While Cop Craft’s fish-out-of-water buddy cop dramedy is deceptively simple, it sports some of the summer’s best and most creative cinematography and action animation, and Tilarna’s striking character design is one of the coolest (and cutest) while Yoshioka Mayu does some great work as her seiyu. And despite its perils, San Teresa is still a really fun place to spend time.

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Cop Craft – 03 – Tilting at Windmills

We soon find out where Tirana went—to O’Neill in order to get her into the Pioneer Club run by Elbaji. O’Neill makes sure she looks the part with a skimpy cocktail dress, hose and heels, and attempts to walk like an Earth Girl are unsuccessful. But it doesn’t take long for her to find Elbaji, because he comes right up to her at the bar to make a pass.

Once they’re alone in Elbaji’s office (with two of his guards) and he learns who she is and what she’s after, the chatting is replaced with fighting. Tirana pulls a sword out of her purse and relieves the guards of their hands in the blink of an eye, but Elbaji has a sword too, and soon overpowers her (she left her good sword with Kei, after all).

As Kei learns though Wikipedia (natch), a Knight of Mirvor leaves their sword behind when they are taking a temporary step away from their chivalric code, be it temporary or permanent. But it isn’t long before Kei is on Tirana’s trail as she’s captured and brought to some abandoned temple ruins in an undeveloped district of the island.

Chief Roth tells him to hold his position and wait, but things down at the temple are moving very fast. After Elbaji gives Tirana to Zelada for questioning, Zelada, a supposedly otherwise venerable wizard, leaves her alone with disposible guards, which she quickly dispatches and follows Zelada to his horrifying workshop, where she finds thousands of jars containing fairies in various stages of dismemberment.

Elbaji confronts her there, and as before, he shows off some of the noble background he shed in order to find his own fortune in America: the Land of Opportunity where Money is God. Tirana looks like she’s in trouble again with nothing but a stick to fight with, but Kei arrives in the nick and tosses her her knightly sword.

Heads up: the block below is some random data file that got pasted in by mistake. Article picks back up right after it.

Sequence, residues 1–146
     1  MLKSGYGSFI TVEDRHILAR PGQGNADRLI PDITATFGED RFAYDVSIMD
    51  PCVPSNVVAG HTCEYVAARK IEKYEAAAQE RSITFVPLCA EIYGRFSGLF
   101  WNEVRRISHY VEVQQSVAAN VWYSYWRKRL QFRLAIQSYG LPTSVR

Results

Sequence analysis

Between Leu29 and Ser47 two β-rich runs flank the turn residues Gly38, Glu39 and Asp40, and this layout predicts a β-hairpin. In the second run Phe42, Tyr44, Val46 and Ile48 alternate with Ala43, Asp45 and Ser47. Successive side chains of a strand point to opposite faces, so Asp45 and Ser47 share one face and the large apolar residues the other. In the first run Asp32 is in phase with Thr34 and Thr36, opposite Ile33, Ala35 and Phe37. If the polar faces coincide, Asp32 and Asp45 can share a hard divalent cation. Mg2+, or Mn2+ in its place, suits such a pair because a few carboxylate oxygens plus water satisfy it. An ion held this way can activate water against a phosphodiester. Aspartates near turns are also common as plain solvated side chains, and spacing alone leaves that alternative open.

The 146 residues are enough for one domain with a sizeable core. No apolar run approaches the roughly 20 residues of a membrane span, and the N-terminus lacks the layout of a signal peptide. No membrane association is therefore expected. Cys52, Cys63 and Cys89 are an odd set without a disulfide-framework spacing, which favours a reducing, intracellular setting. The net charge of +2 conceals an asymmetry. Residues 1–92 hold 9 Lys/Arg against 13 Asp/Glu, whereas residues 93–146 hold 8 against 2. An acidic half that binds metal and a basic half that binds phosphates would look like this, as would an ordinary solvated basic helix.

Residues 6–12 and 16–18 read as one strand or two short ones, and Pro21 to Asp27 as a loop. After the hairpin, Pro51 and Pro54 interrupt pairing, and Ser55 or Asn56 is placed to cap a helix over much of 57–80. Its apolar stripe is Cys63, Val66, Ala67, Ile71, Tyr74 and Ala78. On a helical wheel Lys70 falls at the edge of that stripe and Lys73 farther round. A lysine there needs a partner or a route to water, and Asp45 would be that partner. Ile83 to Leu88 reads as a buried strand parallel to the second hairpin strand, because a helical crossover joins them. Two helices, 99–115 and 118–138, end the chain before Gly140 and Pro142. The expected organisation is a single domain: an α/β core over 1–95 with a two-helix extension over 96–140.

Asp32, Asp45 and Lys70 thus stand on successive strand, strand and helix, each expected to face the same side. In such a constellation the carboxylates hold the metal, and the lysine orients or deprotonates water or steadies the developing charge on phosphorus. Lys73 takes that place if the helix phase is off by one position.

In a wonderfully-drawn fight full of bold flourishes, Tirana shows what a Knight of Mirvor can do, particularly one who was taught swordsmanship from Lord Verada Vreideni. And just like that, a bad guy I thought she and Kei would have to deal with for some time dies right there on the ground in a pool of his blood.

Unfortunately, the “psychic bomb” Elbaji had on him is a dummy; the “fairy” inside is just a doll. Now reunited, Kei and Tirana find a passage out of the temple and track down Zelada, but the arrest is interrupted by the arrival of Chief Roth, which is very confusing for Kei, considering Zelada sure looks like the guy who killed his whole unit in The War.

Roth shoots Tirana and orders Kei to let Zelada go. Turns out he’s a hardcore xenophobe who wants to use the threat of the psychic bomb to re-separate the two worlds, politically and culturally. Never mind if many humans have adapted; he doesn’t want coexistence, period.

But like Elbaji, Chief Roth doesn’t last long, as Tirana’s sword caught the bullet, and her getting back up is enough distraction for Kei to pull a second gun from his ankle holster to kill Roth, who up until tonight had been like a father to him. Roth’s grand plot also seemed a bit too sprawling and ambitious for a man of his relatively humble station. We’ll see if anyone else in his unit or the department harbors similar positions and goals.

The chase for Zelada continues, leading to the tallest building in the city, Forest Tower. The results would be disastrous if a psychic bomb were detonated there. While on their way to the roof, Tirana notices that Kei’s sidearm has a faint hint of latena, created from feelings put into an object or weapon. Thus, he might not be entirely useless in the impending fight with the red wizard.

This was another strong entry from the great-looking and sounding Cop Craft, which really gets its world-building, little details, and combat right. It’s villains have a tendency to drop pretty quick, but its not like Elbaji or Roth were particularly compelling (though Elbaji’s forsaken noble past wasn’t nothing). More than anything, it’s fleet, fast-paced, and fun, and the central partnership is starting to gel nicely.